The quest for expanded ballot access in Georgia is not over despite a recent court ruling partially stopping the fight.
The Libertarian Party of Georgia and fellow plaintiffs filed an appeal with the United States Court of Appeals for the Eleventh Circuit regarding their right to appear on ballots for U.S. House.
Georgia has some of the most restrictive ballot access laws in the country and current laws put Democrat and Republican candidates at an advantage over those not affiliated with the two major parties. Third party candidates are required to collect thousands of signatures that must be approved by the state before they can appear on the ballot.
“Georgia’s ballot barriers are so strict that no independent or third-party candidates have qualified for U.S. House general elections since their passage in 1943. Voters are increasingly dissatisfied with the two major parties, but those same parties block all competitors. Georgia’s voters deserve more options when they go to vote,” Bryan Sells, legal counsel representing the Libertarian Party of Georgia and its fellow plaintiffs, said in a news release.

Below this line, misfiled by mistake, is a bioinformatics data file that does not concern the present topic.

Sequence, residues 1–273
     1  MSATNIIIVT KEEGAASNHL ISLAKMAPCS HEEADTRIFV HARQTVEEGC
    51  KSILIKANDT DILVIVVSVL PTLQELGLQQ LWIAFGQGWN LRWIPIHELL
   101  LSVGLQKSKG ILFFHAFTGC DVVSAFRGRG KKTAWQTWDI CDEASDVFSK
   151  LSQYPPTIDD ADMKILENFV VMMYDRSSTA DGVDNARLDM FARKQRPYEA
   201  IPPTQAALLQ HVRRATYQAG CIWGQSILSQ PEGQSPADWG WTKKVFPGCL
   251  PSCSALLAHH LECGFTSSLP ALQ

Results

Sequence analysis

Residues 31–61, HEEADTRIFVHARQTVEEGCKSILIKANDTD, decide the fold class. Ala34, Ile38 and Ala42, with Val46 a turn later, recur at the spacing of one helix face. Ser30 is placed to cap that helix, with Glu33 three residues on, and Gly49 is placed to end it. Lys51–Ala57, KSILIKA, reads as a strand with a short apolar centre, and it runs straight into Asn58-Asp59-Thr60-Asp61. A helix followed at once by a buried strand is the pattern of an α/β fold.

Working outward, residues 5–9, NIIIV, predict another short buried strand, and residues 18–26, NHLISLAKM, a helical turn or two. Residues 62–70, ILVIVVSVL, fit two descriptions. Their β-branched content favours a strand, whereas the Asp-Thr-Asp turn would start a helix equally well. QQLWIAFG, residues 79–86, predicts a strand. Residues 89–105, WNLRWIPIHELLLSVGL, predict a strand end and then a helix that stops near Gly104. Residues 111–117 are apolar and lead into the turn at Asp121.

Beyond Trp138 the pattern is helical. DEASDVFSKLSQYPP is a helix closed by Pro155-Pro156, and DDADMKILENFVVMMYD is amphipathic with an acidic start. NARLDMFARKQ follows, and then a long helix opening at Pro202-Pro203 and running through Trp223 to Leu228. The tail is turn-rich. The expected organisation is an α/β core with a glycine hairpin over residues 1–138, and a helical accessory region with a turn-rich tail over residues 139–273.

Judge Leigh May denied the Libertarian Party of Georgia’s Motion for Summary Judgment but granted, in part, the Georgia Secretary of State’s motion for Summary Judgment on September 23, 2019. Despite collecting thousands of signatures, no third party candidate met the burden set by Republicans and Democrats.
“We welcome the opportunity to move this case forward. Recent rulings in the 11th Circuit and the Supreme Court give us reason to be optimistic about our success on appeal,” said Martin Cowen, plaintiff and 2018 (frustrated) Libertarian candidate for US House in District 13.
The Libertarian Party of Georgia said in a news release that it will “continue to fight for every Georgian’s right to vote, and for fair, competitive elections for all offices.”